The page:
Black civil servant handed six-figure payout amid warning of ‘systemic’ race issues in Whitehall

Exclusive: Deputy cabinet secretary raised questions over Cabinet Office approach

Nadine White
Race Correspondent
Saturday 05 February 2022 11:43
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Black civil servant handed six-figure payout over Whitehall 'race discrimination'

A Black civil servant was handed a six-figure settlement by the government over allegations of racial discrimination in Whitehall, with the deputy cabinet secretary warning that there was a “systemic issue” in the Cabinet Office, The Independent can reveal.

Kay Badu, 36, said he had been subjected to bullying at the hands of white managers over the course of three years in the Cabinet Office, which left him with symptoms of post-traumatic stress disorder. At one stage, he contemplated suicide.

Mr Badu, who joined the Government Digital Service in 2018 as an executive assistant, said he was held back from promotion, that a manager had used the n-word, and that he had been asked in front of colleagues: “Why do some Black people play the race card when they get into trouble?” After raising complaints, Mr Badu later found himself the subject of an investigation.

Prompted by Mr Badu’s case, Dame Helen Macnamara wrote to Alex Chisholm, the Cabinet Office permanent secretary, raising concerns about the handling of race issues in the department, which describes itself as “the centre of the UK government”.

In the March 2021 letter, included in Mr Badu’s employment tribunal claim submission, Dame Helen wrote: “There is a striking absence of compassion in the way Kay was dealt with from the beginning, including the way that the organisation responded to the event where Kay told people that he had been contemplating suicide.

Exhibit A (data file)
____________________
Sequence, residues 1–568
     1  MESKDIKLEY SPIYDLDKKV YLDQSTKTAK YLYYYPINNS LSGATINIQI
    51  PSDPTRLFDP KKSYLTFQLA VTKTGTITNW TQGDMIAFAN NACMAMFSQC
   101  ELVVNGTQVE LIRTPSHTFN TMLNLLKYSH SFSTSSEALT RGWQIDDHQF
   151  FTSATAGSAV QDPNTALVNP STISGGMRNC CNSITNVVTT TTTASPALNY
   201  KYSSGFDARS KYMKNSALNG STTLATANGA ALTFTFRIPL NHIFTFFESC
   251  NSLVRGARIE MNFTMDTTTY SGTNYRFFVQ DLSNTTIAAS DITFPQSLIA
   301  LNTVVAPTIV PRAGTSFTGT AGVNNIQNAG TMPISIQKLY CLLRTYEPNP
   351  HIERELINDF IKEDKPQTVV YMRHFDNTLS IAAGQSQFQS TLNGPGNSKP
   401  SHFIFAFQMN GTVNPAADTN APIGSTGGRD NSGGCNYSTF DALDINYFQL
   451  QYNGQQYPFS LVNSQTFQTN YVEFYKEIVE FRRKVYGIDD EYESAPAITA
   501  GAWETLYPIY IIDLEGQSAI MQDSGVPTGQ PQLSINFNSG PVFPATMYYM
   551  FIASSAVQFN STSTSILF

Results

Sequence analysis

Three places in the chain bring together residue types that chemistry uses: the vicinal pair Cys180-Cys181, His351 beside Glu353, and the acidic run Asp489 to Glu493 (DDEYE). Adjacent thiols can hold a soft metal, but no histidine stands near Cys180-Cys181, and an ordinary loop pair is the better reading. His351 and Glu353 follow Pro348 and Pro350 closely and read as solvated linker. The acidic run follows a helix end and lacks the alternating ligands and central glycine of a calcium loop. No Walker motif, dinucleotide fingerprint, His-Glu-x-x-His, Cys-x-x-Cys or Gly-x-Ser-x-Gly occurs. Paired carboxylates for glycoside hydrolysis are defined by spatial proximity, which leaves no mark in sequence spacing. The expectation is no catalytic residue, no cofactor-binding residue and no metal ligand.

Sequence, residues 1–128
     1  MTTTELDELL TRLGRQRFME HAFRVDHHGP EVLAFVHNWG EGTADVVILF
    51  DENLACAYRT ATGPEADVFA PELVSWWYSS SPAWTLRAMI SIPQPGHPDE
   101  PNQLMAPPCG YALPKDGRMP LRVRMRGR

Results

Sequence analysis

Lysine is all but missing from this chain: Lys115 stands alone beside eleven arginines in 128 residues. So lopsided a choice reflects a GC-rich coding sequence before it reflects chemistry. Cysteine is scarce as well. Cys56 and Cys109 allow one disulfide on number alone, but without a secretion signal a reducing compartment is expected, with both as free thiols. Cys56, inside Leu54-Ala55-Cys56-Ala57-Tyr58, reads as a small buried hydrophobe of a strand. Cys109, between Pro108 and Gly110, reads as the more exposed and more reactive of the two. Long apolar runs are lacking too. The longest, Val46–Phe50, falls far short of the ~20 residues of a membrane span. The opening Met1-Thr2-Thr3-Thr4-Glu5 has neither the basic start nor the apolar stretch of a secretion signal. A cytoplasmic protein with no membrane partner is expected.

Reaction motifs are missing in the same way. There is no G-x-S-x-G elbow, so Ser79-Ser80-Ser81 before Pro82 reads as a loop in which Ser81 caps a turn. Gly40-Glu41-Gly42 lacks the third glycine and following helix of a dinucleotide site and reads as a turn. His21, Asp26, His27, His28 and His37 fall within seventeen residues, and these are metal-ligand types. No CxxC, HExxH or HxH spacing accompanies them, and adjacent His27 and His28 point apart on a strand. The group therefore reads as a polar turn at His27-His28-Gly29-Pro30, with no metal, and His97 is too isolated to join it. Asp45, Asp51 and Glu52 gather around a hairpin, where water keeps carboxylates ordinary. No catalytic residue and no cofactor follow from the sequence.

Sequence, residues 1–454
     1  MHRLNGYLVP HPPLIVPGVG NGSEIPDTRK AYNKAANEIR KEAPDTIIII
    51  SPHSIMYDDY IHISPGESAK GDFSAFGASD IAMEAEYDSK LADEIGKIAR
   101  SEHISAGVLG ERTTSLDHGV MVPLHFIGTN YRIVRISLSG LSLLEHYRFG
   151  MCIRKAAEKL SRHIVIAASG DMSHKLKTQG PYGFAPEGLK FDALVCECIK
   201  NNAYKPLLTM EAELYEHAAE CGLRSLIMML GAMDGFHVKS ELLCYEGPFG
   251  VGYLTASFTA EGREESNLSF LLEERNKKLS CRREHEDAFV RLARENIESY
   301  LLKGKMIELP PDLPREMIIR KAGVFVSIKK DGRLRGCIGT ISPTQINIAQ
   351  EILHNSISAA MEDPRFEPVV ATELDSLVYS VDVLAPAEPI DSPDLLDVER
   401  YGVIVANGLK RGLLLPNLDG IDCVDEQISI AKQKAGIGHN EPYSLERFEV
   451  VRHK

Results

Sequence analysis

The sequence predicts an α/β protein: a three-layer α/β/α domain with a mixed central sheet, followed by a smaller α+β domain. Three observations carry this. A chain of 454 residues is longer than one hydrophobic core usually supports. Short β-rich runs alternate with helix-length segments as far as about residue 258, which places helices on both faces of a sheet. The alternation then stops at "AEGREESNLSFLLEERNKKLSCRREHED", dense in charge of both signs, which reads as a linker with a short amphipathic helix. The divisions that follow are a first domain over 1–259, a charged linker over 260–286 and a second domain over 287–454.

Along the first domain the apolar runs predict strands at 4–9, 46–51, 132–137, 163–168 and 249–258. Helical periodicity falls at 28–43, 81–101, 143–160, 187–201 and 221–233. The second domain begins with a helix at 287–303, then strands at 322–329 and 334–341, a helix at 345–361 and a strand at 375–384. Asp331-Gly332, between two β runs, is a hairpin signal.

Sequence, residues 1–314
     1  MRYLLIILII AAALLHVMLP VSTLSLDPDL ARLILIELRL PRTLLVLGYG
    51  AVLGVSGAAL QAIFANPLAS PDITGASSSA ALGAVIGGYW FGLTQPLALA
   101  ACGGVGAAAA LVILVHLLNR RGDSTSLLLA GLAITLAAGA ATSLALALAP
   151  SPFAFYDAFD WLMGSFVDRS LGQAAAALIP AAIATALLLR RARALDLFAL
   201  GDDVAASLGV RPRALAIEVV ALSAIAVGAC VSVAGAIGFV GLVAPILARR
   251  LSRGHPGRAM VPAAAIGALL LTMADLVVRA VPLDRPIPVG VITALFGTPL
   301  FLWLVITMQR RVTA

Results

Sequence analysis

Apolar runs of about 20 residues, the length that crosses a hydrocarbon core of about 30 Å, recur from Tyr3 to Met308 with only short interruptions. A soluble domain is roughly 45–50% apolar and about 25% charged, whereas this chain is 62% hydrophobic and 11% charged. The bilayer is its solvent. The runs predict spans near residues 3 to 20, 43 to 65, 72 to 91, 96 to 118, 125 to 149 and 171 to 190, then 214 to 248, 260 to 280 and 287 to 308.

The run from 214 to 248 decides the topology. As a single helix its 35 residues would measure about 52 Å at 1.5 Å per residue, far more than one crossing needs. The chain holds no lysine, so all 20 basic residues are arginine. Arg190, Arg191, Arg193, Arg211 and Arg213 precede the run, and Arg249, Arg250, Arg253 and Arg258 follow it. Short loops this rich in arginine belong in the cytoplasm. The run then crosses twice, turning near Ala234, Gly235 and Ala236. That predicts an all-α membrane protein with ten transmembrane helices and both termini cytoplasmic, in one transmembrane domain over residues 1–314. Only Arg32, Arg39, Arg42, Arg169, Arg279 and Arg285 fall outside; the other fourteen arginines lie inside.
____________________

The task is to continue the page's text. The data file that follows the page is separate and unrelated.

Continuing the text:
“The grievances have allowed what has happened to be interpreted as a disagreement between individuals rather than a systemic issue.

“Having heard a number of testimonies over the last year in particular, I think there is a proper question to ask about how [the Cabinet Office] deals with race at a systemic level. That is not about individuals (although individual behaviour could also be problematic); it is about whether the Cabinet Office is demonstrating it is listening to people raising these concerns and taking action to change.”

The former employee said he had been subjected to bullying at the hands of white managers for years

In an email to another colleague, Dame Helen, previously the department’s director-general for propriety and ethics, warned that elements of the investigation into Mr Badu could be seen to be “racially biased”.

Mr Badu left his role last year and started proceedings at an employment tribunal before the Cabinet Office agreed to settle his case for a six-figure amount. The department told The Independent it did not admit any liability and does not accept a number of the claims which have been made.

Mr Badu said that those responsible for discrimination against him had not been punished and instead continued to hold managerial positions within the civil service.

“The entire ordeal has been emotionally draining, absolutely exhausting,” Mr Badu said.

“There were times I was getting very little sleep. I was not seeing my friends. I was becoming a recluse, basically. My health was deteriorating and I was eating junk food. I had suicidal thoughts which is something I wouldn’t wish on my worst enemy.”

According to documents included in his employment tribunal bundle, the discrimination began soon after Mr Badu began working in the Cabinet Office in March 2018, with managers making comments about playing the “race card” and suggesting it was “easy to get rid of people like [Mr Badu]”.